The Verge ran an article entitled Google and Amazon killed their Apple Watch apps and it went unnoticed for weeks, and it set off alarm bells for me. Oh god, is the Apple Watch really just a trinket that’s had a fun run, but nobody besides me gives a shit about it? My fears were alleviated a few days later when Apple announced Apple Watch sales nearly doubled over last year, but this got me thinking about what smart watches, not only the Apple Watch, were good for.
I feel quite strongly at this point that smart watches really need to be made by the platform owner to be worth a damn. For the iPhone, that means the Apple Watch is the only smart watch with a shot at success. Third parties like Pebble (RIP) and Withings can try, but they will never be able to make something that taps into iOS in a meaningful way. Like wise, only smartwatches that run Android Wear are worth considering for those using Android phones. Pebble-style watches and Fitbit’s sorta-smart watches just don’t stand up.
And I think this is somewhat true of the apps on smart watches too; the apps that Apple makes for watchOS are a whole lot more important than what anyone else makes. Google removed their Maps app and no one noticed. Well no shit, the Google Maps app on the Apple Watch is way worse than the Apple Maps one. Apple Maps on the Watch has more access to do things third party apps can’t. It can launch itself automatically when you start navigation on the iPhone, and it’s the only way to navigate when using Siri directly on the Apple Watch itself. There are other apps that have similar benefits, and these benefits are not only for watchOS, it’s also true of Android Wear.
A big thing we’ve learned over the past few years is we simply don’t really want “apps” in the way we have come to expect them in the post-App Store world. I don’t want a home screen on my wrist where I can scroll through 100 apps and find the one I want, I want my watch to present information to me when it’s relevant and let me act on it right then and there. A reason Apple Watch apps aren’t used that much is that you don’t need your favorite apps to build Watch apps to get value from them on the Apple Watch. No, because your notifications are sent to the Apple Watch and you can act on them just like you can from the iPhone, there often isn’t a need for an app on the Watch. If I get a reply from someone on Twitter, for example, Twitterrific displays a notification on my wrist and I can dismiss it, favorite it, or reply to it with my voice or the surprisingly good “scribble” feature. I don’t even know if Twitterrific has built an Apple Watch app, but I do know that I feel like I’m getting the interaction I want from Twitterrific on my Apple Watch whether a Watch app exists or not.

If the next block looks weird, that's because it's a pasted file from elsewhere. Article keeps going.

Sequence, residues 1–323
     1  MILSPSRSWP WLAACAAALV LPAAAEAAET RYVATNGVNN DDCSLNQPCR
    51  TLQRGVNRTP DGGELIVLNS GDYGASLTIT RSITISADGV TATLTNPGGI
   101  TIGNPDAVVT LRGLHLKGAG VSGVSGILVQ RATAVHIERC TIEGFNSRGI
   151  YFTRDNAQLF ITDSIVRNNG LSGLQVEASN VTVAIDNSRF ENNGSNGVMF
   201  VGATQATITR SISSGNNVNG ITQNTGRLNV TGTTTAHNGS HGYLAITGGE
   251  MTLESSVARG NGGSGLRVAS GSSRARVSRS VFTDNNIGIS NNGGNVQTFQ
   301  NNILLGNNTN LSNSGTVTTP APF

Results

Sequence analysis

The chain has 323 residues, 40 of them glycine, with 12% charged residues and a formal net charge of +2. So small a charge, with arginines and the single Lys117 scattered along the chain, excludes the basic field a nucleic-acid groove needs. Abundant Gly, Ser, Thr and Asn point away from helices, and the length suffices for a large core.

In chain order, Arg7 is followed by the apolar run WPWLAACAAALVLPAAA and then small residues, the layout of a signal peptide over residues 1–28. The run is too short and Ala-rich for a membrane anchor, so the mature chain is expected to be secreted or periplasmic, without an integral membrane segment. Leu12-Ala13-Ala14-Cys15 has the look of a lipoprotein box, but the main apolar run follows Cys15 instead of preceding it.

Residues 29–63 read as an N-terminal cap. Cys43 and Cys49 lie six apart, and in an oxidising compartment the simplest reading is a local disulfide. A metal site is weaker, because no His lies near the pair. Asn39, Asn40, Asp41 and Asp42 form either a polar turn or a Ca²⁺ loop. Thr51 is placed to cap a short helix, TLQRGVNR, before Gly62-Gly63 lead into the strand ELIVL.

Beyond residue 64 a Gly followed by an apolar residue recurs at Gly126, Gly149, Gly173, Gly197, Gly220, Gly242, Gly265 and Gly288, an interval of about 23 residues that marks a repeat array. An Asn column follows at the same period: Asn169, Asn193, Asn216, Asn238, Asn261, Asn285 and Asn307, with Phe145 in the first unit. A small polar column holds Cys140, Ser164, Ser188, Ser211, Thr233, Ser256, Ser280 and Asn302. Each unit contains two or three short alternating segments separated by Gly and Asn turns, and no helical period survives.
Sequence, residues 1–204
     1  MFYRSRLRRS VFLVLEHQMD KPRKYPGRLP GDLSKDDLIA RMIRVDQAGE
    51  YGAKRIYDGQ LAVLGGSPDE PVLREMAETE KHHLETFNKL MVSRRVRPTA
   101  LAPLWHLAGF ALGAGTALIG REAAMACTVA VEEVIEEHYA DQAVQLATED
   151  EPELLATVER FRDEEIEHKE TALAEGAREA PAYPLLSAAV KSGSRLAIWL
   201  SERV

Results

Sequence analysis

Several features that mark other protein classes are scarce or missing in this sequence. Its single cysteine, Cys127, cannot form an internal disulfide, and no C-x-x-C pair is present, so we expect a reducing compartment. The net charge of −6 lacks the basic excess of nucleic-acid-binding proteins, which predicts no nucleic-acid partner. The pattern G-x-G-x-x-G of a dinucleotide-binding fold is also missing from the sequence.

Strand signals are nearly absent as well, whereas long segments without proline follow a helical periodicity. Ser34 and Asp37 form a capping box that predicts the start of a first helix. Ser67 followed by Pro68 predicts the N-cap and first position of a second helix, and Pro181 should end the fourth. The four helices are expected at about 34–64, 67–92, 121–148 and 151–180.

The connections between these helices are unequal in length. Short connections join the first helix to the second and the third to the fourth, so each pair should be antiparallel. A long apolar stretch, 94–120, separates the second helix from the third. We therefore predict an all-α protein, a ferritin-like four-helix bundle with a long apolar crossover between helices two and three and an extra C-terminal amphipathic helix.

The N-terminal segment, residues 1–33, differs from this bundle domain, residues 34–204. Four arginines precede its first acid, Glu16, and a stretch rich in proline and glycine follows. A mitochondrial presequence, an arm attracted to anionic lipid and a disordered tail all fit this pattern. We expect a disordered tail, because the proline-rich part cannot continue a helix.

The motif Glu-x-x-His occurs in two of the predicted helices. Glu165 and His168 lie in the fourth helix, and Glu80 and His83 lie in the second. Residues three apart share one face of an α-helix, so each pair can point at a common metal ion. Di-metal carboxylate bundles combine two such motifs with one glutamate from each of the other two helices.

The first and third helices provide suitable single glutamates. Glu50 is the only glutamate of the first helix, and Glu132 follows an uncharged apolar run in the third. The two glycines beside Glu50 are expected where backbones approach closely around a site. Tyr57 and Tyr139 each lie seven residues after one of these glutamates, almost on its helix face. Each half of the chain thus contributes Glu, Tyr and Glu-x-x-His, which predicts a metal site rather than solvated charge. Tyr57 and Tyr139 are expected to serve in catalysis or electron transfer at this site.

Back in 2014 before the Apple Watch released, we were talking about 15 second experiences on smart watches. That turned out to be way too long, and any smart watch app that has a 15 second interaction time has failed. I’d honestly say that the average interaction I have with my Apple Watch is 1-2 seconds. I raise my wrist to see my watch face complications, or to see the notification that came in, or to control my media playback, or to see what my next turn is while navigating, or seeing how my current workout is going. The list goes on, but all of these interactions are lightning quick, and almost never involve more than a tap or two. If an action is going to take 15 seconds, I’m going to get my phone and do it there.
Third party apps absolutely have a place on smart watches, but all of this is to drive home the point that smart watch makers not using watchOS or Android Wear are doomed because all they can use are third party apps. Pebble proved there was value in the smart watch space, and they deserve major credit for putting out the first serious smart watch, but looking at what smart watches are really good at, I don’t see another Pebble coming along.
Apple Watch will always be better than third party smart watches, and Apple apps will always have more capabilities than third party apps. With that in mind, I hope Apple is focusing their efforts on making the Watch UI and their own built in apps better, and a little less time on fleshing out the third party app experience. By all means make the platform as good for developers as you can, but more meaningful gains will be made by improving Apple’s own services. Maybe in a couple years we can talk about starting to focus on third party capabilities, but we’re not there yet.